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  • Mint persistent handle identifiers for use as keys: Guaranteed persistent unique keys can be created by minting persistent handle identifiers (using either the ANDS Handle Service for handles or an equivalent). This approach implies a commitment to maintaining the currency of the location component of the key into the future.
  • Create local keys: If minting persistent handle identifiers to use as metadata record keys is not a suitable solution for a contributor, local primary keys or identifiers may be used, although these cannot be guaranteed to be globally unique. These keys should not be changed in the local system once created. Local keys can be programmatically enhanced by adding a server or domain name from your own institution, or some other unambiguous and unique identifier, to an existing object identifier.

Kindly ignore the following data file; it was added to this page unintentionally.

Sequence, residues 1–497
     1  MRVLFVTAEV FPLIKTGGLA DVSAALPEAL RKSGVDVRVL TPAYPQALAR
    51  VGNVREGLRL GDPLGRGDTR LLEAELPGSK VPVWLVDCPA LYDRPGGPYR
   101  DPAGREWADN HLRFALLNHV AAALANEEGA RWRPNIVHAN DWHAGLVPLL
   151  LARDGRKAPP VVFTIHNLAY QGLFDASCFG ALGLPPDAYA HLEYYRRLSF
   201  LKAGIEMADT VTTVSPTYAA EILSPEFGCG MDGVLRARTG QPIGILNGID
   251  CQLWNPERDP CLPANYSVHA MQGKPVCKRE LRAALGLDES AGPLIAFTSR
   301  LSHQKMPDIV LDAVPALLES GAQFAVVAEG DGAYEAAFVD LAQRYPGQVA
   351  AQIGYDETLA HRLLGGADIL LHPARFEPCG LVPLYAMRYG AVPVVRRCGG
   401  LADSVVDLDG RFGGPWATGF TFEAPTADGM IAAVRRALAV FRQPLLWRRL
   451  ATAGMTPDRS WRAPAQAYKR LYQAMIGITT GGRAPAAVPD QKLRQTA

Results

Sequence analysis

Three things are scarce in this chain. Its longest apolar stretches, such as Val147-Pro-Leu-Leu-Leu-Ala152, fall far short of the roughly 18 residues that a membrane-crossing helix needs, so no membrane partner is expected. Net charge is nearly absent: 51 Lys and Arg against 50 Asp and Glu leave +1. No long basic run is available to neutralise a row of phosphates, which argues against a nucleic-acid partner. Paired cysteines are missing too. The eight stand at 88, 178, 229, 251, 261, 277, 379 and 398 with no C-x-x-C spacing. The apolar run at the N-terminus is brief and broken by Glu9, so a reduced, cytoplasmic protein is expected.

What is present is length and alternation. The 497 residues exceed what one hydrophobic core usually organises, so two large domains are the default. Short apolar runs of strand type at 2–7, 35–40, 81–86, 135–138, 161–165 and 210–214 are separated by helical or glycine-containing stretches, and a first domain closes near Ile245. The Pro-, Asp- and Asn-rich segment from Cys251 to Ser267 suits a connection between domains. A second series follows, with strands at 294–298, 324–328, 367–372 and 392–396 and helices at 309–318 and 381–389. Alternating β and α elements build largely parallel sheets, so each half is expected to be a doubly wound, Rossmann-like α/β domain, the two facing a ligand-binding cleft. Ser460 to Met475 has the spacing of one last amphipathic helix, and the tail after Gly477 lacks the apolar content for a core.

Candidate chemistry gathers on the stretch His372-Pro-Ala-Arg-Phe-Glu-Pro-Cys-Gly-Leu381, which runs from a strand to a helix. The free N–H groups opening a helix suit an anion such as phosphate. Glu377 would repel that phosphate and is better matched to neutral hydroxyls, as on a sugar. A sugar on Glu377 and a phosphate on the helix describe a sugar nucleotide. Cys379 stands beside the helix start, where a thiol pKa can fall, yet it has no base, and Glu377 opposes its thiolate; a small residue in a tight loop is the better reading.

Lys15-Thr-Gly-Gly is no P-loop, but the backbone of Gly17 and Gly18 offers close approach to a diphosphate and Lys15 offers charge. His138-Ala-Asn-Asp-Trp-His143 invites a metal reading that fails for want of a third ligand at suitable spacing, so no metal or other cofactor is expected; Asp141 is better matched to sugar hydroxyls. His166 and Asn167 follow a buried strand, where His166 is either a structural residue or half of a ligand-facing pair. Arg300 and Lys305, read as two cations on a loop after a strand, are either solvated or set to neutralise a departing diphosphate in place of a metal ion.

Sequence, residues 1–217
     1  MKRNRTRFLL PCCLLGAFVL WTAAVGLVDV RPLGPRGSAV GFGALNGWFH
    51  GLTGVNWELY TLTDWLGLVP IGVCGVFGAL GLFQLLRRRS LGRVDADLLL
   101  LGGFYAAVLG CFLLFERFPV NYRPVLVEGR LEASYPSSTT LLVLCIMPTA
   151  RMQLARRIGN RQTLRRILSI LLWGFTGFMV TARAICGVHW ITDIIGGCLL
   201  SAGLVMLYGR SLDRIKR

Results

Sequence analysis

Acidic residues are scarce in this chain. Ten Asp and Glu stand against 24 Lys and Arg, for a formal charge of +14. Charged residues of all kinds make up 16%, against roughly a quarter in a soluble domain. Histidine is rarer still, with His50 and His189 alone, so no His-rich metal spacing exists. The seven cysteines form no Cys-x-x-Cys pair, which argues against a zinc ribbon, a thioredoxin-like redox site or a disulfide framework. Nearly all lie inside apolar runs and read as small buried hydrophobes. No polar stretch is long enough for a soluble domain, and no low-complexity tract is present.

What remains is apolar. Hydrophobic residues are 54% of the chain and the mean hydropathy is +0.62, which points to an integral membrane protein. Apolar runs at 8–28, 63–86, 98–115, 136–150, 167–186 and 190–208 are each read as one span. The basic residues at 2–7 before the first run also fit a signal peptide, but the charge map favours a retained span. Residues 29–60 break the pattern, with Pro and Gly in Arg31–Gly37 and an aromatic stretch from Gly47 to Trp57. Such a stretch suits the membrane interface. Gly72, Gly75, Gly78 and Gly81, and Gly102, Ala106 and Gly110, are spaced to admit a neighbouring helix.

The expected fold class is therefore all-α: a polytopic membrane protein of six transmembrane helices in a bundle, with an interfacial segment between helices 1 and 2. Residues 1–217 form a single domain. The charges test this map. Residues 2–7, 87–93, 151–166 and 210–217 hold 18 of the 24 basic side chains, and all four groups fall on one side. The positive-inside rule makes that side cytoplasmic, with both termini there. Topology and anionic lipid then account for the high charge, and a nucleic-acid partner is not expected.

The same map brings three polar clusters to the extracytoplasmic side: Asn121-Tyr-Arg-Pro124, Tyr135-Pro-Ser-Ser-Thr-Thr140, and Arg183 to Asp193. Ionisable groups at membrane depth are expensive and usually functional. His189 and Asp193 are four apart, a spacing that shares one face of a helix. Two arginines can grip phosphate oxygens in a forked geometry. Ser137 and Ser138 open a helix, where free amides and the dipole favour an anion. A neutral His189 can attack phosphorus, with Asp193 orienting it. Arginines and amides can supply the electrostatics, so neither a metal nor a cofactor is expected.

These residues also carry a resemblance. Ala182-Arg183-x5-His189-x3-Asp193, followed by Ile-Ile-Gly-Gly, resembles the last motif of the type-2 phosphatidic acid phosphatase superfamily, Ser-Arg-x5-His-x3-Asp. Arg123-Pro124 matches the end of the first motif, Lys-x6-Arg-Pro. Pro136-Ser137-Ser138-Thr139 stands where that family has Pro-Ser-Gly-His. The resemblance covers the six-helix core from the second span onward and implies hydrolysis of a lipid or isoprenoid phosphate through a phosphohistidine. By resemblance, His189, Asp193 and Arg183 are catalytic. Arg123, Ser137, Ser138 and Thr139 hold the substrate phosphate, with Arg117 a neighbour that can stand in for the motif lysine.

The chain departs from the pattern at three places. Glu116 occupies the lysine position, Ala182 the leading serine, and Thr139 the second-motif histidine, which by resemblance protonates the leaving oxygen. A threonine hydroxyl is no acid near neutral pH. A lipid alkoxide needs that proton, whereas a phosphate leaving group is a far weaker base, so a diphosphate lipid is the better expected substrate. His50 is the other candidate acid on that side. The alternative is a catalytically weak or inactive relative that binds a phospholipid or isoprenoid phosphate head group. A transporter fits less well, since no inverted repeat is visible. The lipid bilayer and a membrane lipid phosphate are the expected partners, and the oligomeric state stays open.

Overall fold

• Party keys can use a local unique identifier for the person or group that is maintained internally by the institution or agency, such as a staff number or username, prepended with the contributor's domain name and a trailing slash to make it globally unique. Example:
  • Generate random keys: Those contributors using the RDA Registry to manually create records may choose to use the 'Generate Random Key' function which generates keys that are unique within the Registry. The keys produced are random strings of characters.

Do not use the NLA party identifier as the RIF-CS record key by any contributor other than the National Library of Australia (NLA). Use of NLA party identifiers as keys in ANDS systems is reserved for the NLA, to enable record exchange between the RDA Registry and the NLA.


Do not use grant identifiers as keys for activity records: keys of the form are reserved for records from funders.

Contact if you have technical questions about what keys can be accepted by the RDA Registry.